'Some of the best, most significant writing produced in Australia over more than two centuries is gathered in this landmark anthology. Covering all genres - from fiction, poetry and drama to diaries, letters, essays and speeches - the anthology maps the development of one of the great literatures in English in all its energy and variety.

    'The writing reflects the diverse experiences of Australians in their encounter with their extraordinary environment and with themselves. This is literature of struggle, conflict and creative survival. It is literature of lives lived at the extremes, of frontiers between cultures, of new dimensions of experience, where imagination expands.

    'This rich, informative and entertaining collection charts the formation of an Australian voice that draws inventively on Indigenous words, migrant speech and slang, with a cheeky, subversive humour always to the fore. For the first time, Aboriginal writings are interleaved with other English-language writings throughout - from Bennelong's 1796 letter to the contemporary flowering of Indigenous fiction and poetry - setting up an exchange that reveals Australian history in stark new ways.

    'From vivid settler accounts to haunting gothic tales, from raw protest to feisty urban satire and playful literary experiment, from passionate love poetry to moving memoir, the Macquarie PEN Anthology of Australian Literature reflects the creative eloquence of a society.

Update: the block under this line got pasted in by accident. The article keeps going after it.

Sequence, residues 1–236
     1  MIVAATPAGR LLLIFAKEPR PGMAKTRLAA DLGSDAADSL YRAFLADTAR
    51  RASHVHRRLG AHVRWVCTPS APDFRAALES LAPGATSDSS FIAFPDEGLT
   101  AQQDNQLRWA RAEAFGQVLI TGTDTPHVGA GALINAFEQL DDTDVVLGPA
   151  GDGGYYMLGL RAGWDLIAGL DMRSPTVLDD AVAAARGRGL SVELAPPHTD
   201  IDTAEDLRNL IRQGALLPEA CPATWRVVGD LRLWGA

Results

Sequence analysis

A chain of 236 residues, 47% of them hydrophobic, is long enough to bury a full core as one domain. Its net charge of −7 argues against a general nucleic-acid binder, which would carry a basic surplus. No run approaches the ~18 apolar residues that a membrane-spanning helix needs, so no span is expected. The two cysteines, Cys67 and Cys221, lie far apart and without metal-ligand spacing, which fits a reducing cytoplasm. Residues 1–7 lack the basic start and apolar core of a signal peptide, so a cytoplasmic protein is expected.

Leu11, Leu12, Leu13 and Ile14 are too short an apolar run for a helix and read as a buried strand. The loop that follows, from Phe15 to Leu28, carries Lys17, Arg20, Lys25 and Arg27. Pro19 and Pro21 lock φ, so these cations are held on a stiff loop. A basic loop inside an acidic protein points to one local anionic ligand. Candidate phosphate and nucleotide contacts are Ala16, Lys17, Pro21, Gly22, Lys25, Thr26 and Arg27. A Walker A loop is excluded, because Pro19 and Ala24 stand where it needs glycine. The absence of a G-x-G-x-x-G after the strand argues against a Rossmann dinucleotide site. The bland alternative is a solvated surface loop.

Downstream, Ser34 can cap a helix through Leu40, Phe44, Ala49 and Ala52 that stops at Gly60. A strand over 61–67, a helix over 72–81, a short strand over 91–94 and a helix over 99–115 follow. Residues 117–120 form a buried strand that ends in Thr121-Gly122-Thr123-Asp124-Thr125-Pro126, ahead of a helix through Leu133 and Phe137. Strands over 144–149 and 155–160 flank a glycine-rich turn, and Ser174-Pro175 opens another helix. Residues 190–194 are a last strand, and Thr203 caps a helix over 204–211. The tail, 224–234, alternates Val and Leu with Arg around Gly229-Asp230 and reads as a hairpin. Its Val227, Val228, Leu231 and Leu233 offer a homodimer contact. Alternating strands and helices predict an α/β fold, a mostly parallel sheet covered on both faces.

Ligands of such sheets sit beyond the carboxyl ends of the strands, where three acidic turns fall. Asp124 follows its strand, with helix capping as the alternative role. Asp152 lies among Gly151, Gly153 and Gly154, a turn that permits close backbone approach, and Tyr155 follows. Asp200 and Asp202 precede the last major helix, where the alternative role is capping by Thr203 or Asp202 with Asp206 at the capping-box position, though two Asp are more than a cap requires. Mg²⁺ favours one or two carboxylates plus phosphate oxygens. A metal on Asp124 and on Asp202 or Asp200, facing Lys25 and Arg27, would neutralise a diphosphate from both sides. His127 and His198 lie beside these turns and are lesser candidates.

'Chosen by a team of expert editors, who have provided illuminating essays about their selections, and with more than 500 works from over 300 authors, it is an authoritative survey and a rich world of reading to be enjoyed.' (Publisher's blurb)

    Allen and Unwin have a YouTube channel with a number of useful videos on the Anthology.

    Crows Nest : Allen and Unwin , 2009
    pg. 83-89
Alternative title: A Tour to Hell
First line of verse: "Ye prisoners of New South Wales" First known date: ca. 1857
Notes:
This version entitled 'A Tour to Hell' is a reprint from the Cumberland Times, December 27, 1900 in which the poem is prefaced by an editorial comment indicating that this was the first time the poem had ever been published. A second note at the end of the poem discusses the authorship of the poem. It was posthumously copied by a Mr Thomas Holdstock from the dictation of an assigned servant who had worked with the author and memorised the poem. The manuscript was lent to the editor of the Cumberland Times, J. Whitley, in 1857. Whitley's note is dated April, 1885.